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Solar Steam Sterilizes with Sunlight

HOUSTON, July 24, 2013 — A “solar steam” sterilization system that uses light-harvesting nanoparticles to convert as much as 80 percent of sunlight energy into germ-killing heat could be a boon for more than 2.5 billion people who lack adequate sanitation.

“Sanitation and sterilization are enormous obstacles without reliable electricity,” said Naomi Halas, director of Rice University’s Laboratory for Nanophotonics (LANP); the Stanley C. Moore Professor in Electrical and Computer Engineering; and a professor of biomedical engineering, chemistry, physics and astronomy. “Solar steam’s efficiency at converting sunlight directly into steam opens up new possibilities for off-grid sterilization that simply aren’t available today.”

Halas and colleagues demonstrated two ways that solar steam can be used for sterilization — one setup to clean medical instruments and another to sanitize human waste. The setups were reported in the Proceedings of the National Academy of Sciences Early Edition (doi: 10.1073/pnas.1310131110).  

In a study last year, Halas’ team showed that solar steam was so effective at direct conversion of solar energy into heat that it could even produce steam from ice water. (See: Photonic Nanocrystals Convert Sunlight to Solar Steam)

“It makes steam directly from sunlight,” she said. “That means the steam forms immediately, even before the water boils.”


Rice University graduate student Oara Neumann, left, and scientist Naomi Halas are co-authors of a new study about a highly efficient method of turning sunlight into heat. They expect their technology to have an initial impact as an ultrasmall-scale system to treat human waste in developing nations without sewer systems or electricity. Courtesy of Jeff Fitlow/Rice University.

The solar-powered sterilization system’s efficiency comes from light-harvesting nanoparticles developed at LANP by Rice graduate student Oara Neumann. Neumann created a version of nanoshells that converts a broad spectrum of sunlight — including both visible and invisible bandwidths — directly into heat. When submerged in water and exposed to sunlight, the particles heat up so quickly they instantly vaporize water and create steam.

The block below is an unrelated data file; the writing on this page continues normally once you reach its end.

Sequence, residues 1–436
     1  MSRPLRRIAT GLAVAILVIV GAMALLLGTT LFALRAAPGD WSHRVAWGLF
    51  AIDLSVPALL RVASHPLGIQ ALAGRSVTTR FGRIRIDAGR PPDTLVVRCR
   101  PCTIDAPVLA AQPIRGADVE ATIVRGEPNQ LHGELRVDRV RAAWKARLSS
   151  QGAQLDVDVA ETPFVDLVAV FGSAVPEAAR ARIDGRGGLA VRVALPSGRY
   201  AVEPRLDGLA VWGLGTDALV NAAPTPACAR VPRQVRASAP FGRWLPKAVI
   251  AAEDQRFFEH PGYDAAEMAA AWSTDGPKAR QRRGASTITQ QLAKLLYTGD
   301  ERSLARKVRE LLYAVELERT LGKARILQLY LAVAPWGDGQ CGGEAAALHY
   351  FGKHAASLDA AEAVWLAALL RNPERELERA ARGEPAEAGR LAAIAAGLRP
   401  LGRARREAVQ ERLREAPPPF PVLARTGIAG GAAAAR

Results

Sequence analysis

The technology has an overall energy efficiency of 24 percent. Photovoltaic solar panels, by comparison, typically have an efficiency of around 15 percent.

When tested in autoclaves — designed by Rice undergraduates at Rice’s Oshman Engineering Design Kitchen and refined by Neumann and colleagues at LANP — the heat and pressure created by the steam were sufficient to kill not only living microbes, but spores and viruses also. Standard tests for sterilization showed the solar steam autoclave could kill even the most heat-resistant microbes.

“The process is very efficient,” Neumann said. “For the Bill & Melinda Gates Foundation program that is sponsoring us, we needed to create a system that could handle the waste of a family of four with just two treatments per week, and the autoclave setup we reported in this paper can do that.”

The team hopes to work with waste-treatment pioneer Sanivation to conduct the first field tests of their waste sterilizer at three sites in Kenya.

“Sanitation technology isn’t glamorous, but it’s a matter of life and death for 2.5 billion people,” Halas said. “For this to really work, you need a technology that can be completely off-grid, that’s not that large, that functions relatively quickly, is easy to handle and doesn’t have dangerous components. Our Solar Steam system has all of that, and it’s the only technology we’ve seen that can completely sterilize waste. I can’t wait to see how it performs in the field.”

The research was supported by a Grand Challenges grant from the Bill & Melinda Gates Foundation and by the Welch Foundation.

For more information, visit: www.rice.edu


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